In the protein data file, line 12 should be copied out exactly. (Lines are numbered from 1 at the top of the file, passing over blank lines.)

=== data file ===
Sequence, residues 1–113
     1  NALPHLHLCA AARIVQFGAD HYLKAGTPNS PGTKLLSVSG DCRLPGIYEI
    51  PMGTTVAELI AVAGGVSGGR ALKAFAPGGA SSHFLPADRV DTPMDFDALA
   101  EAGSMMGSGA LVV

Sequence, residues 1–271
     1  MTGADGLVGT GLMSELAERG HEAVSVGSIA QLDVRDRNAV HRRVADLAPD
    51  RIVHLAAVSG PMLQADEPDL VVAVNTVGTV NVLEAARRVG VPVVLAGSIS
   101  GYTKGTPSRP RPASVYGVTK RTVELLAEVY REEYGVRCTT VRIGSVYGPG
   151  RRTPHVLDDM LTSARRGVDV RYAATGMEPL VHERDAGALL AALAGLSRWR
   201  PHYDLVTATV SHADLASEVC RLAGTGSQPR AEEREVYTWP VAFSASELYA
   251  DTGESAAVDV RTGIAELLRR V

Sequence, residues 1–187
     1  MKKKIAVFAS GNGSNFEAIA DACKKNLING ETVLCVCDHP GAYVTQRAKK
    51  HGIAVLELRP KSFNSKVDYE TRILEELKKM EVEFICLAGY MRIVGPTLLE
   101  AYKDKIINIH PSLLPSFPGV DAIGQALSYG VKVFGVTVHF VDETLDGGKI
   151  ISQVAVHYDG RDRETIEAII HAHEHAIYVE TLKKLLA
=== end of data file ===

Sequence, residues 1–187